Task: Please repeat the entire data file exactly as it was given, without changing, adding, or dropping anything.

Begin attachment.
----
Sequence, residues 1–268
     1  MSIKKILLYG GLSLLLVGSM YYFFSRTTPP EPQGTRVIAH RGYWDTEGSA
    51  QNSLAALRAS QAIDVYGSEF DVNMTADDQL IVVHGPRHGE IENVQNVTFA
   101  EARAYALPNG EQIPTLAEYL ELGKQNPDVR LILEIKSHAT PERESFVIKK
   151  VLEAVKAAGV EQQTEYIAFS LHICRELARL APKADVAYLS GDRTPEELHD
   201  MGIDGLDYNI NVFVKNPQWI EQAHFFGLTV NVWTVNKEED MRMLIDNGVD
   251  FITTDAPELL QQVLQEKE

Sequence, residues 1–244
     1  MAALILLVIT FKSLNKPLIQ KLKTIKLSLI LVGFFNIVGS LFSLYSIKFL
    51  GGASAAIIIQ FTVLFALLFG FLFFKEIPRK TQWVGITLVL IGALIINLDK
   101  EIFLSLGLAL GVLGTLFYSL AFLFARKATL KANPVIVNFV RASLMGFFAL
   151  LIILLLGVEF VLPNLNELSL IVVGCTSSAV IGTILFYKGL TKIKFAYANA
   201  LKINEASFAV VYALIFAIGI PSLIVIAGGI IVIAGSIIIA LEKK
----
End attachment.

Sequence, residues 1–268
     1  MSIKKILLYG GLSLLLVGSM YYFFSRTTPP EPQGTRVIAH RGYWDTEGSA
    51  QNSLAALRAS QAIDVYGSEF DVNMTADDQL IVVHGPRHGE IENVQNVTFA
   101  EARAYALPNG EQIPTLAEYL ELGKQNPDVR LILEIKSHAT PERESFVIKK
   151  VLEAVKAAGV EQQTEYIAFS LHICRELARL APKADVAYLS GDRTPEELHD
   201  MGIDGLDYNI NVFVKNPQWI EQAHFFGLTV NVWTVNKEED MRMLIDNGVD
   251  FITTDAPELL QQVLQEKE

Sequence, residues 1–244
     1  MAALILLVIT FKSLNKPLIQ KLKTIKLSLI LVGFFNIVGS LFSLYSIKFL
    51  GGASAAIIIQ FTVLFALLFG FLFFKEIPRK TQWVGITLVL IGALIINLDK
   101  EIFLSLGLAL GVLGTLFYSL AFLFARKATL KANPVIVNFV RASLMGFFAL
   151  LIILLLGVEF VLPNLNELSL IVVGCTSSAV IGTILFYKGL TKIKFAYANA
   201  LKINEASFAV VYALIFAIGI PSLIVIAGGI IVIAGSIIIA LEKK